Physics is taught and understood through a series of metaphors. Events and processes beyond the range of human perception and experience are are described and understood via metaphors. If the metaphors are close enough to reality, then we are able to derive useful results. When the wrong metaphors are in use (and this happened before) the science ends up in a blind alley.

There is always a chance that some of our present metaphors are wrong (or at least a poor choice). There is a distinct chance that at some point Physics will run up against an aspect of reality that cannot be expressed - even via metaphor - in terms digestible by the human mind. Some of our science may already be up against just such a limit. At some point the human mind will have to evolve to something greater, before further progress can be made.

A few more metaphors that may or may not prove useful….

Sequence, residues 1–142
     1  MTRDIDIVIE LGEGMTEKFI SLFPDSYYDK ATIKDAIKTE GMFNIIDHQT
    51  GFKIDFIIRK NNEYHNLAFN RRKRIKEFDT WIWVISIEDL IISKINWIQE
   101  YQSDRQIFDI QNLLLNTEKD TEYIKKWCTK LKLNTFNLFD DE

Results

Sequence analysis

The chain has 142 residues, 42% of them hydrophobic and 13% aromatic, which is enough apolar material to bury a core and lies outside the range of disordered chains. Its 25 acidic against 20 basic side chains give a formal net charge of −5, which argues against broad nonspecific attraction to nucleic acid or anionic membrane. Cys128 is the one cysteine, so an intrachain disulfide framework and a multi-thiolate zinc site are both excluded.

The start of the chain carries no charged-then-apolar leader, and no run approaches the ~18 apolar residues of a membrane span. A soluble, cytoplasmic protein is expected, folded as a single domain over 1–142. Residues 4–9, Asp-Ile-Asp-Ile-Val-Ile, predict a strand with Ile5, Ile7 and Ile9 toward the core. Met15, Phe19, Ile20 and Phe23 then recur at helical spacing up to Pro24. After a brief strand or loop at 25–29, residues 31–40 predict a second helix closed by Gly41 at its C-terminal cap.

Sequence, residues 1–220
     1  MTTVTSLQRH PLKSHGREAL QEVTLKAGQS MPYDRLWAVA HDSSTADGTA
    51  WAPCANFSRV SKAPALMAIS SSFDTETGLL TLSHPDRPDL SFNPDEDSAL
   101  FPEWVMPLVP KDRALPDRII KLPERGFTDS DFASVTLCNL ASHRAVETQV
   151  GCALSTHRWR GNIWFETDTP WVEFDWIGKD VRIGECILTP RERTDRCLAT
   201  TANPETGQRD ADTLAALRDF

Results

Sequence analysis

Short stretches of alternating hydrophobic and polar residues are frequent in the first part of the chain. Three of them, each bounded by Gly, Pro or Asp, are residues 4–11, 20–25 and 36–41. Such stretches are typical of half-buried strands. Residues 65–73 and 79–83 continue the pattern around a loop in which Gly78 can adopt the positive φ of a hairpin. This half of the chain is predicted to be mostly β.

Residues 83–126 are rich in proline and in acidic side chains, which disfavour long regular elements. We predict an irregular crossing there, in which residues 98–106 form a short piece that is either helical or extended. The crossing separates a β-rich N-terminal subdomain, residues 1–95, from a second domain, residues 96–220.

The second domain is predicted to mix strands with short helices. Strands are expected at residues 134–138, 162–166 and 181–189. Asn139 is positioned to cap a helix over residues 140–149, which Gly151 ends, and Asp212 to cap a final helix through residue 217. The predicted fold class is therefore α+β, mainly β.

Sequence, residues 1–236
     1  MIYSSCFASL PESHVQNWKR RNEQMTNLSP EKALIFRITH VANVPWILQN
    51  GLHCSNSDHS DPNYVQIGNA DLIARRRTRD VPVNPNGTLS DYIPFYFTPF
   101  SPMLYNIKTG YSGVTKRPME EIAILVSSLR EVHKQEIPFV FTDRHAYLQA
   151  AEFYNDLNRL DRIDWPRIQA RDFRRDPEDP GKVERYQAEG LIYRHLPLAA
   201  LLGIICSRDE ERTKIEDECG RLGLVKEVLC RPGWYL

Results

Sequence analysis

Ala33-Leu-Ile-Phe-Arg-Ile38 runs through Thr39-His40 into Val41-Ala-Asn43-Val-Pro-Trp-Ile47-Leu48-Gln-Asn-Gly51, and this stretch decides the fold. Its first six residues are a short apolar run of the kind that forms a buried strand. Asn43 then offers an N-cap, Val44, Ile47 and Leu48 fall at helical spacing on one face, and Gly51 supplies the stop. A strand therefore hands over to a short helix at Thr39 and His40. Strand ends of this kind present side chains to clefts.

The prior speculation leads to some derivatives.

If when looking far out into the universe we can see all distant present variants that do not change our present sum, then the further out we look the “fuzzier” the image would appear. If this were true (a very big if) then the distance to which we could see clearly would represent the distance to which some sort of fairly-immediate interaction is possible. (Hello warp-drive?)

If the weave-of-variants metaphor is in fact a good match to reality, then the diffraction pattern observed in the classic double-slit experiment may represent an interaction between photons across the weave of variants. In effect a single photon takes every possible path, each in it’s on variant, and interaction across variants establishes the diffraction pattern. (Though interaction-between-photons is itself a metaphor of which I am wary.) Are there other interactions across variants? Is this metaphor in any way testable or useful?

Again, without some sort of test, the above are no more than speculations.